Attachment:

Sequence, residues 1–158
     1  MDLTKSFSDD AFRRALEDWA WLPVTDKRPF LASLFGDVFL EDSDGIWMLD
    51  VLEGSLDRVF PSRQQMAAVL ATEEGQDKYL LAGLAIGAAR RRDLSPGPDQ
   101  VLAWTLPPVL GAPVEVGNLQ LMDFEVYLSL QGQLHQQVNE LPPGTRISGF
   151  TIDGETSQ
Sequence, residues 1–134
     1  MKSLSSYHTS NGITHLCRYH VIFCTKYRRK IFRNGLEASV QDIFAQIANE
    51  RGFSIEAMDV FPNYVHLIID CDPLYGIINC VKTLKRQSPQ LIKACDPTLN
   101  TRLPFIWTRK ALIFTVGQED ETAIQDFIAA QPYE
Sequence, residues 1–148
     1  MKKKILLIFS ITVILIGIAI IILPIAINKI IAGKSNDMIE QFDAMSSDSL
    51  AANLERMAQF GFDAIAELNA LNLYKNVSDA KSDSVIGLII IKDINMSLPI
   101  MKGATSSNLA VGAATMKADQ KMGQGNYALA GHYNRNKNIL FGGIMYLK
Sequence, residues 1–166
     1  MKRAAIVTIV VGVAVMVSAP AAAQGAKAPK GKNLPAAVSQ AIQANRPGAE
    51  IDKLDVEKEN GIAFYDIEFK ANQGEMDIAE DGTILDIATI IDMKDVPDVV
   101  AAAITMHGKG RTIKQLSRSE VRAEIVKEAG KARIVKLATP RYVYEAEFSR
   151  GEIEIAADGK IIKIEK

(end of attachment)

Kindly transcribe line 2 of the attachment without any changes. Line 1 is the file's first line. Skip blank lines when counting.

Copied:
     1  MDLTKSFSDD AFRRALEDWA WLPVTDKRPF LASLFGDVFL EDSDGIWMLD